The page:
Bemoaning the government’s latest efforts to crack down on pirated music and movies, market vendors say a licensing program designed to certify videos, DVDs, CDs and VCDs is unworkable.
“We can’t take thousands of our [CDs] to the ministry because we do not think that they can approve them as ready for the market in one or two days,” an Olympic market vendor said.
Under a 1989 law, the government is supposed to certify electronic recordings with a special stamp, called a visa, after checking for content and to make sure that they have not been stolen.
Since then, the law has lapsed.
But cultural officials, concerned over pirating and content, have recently called for stricter enforcement.
Prime Minister Hun Sen signed a subdecree in September setting fines for those who illegally copy videos and CDs, ranging from about $2 per disk up to more than $500 for each copy of a movie.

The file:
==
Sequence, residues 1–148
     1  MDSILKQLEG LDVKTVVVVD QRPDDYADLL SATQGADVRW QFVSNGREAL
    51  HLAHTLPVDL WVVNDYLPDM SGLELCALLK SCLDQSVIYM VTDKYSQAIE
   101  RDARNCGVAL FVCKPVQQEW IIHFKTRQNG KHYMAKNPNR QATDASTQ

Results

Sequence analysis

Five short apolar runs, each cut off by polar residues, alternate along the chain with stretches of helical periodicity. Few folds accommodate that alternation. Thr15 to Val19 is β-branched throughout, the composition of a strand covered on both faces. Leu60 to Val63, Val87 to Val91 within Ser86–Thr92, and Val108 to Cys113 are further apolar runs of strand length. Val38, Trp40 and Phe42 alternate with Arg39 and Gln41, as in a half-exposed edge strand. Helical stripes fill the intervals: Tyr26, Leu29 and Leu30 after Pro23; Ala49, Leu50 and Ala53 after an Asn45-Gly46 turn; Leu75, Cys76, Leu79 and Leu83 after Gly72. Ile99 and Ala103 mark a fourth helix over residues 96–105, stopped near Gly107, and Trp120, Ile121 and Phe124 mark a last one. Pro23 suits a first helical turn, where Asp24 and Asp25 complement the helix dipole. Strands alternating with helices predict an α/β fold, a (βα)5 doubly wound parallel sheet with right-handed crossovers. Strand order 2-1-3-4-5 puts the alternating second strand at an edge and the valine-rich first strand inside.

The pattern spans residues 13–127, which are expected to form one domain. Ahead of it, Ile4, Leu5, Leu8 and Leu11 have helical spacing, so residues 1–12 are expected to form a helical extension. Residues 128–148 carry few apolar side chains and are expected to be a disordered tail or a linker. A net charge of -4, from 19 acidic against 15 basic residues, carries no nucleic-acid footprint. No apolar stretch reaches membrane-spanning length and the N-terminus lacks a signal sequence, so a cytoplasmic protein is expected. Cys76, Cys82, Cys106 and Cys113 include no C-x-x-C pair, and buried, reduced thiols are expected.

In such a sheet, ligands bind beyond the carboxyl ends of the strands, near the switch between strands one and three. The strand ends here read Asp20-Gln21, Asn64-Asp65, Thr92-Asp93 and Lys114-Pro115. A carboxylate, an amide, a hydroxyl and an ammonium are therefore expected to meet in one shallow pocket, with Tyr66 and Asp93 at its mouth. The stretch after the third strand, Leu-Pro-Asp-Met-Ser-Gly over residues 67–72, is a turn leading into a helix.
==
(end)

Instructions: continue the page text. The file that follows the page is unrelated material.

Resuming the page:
The government announced March 1 that vendors would have to certify their products or shut down their stalls. Some vendors counter that the measure is not aimed in the right place.
“If they want to crack down on piracy, they should not do that on us,” the Olympic market vendor said. “We are just sellers. They should look for the offenders. We are not thieves.”
But Som Sokun, director of arts, cinema and culture for the Ministry of Culture, said vendors had plenty of time to observe the law, and have been blatantly violating it for too long.
“In Kompong Speu alone, we found 70 percent of the products were illegal,” he said.
Under the law, vendors must pay up to $2.63 for certification of a single item, and $0.01 for each additional copy of the item that they sell.
That, said the seller, cuts deeply into profits.
“We sell one tape or VCD for $2 or $3, and the buyers complain that the price is high,” the vendor said.
While Som Sokun said he was empathetic—promising that the government would work on a compromise price and would not fine vendors—he said sellers must be more vigilant or risk losing their inventory.
“We will not fine them, but we will seize some products that are too sexy, pornographic or cruel. But we will let them sell the rest after they have paid for the visa,” he said.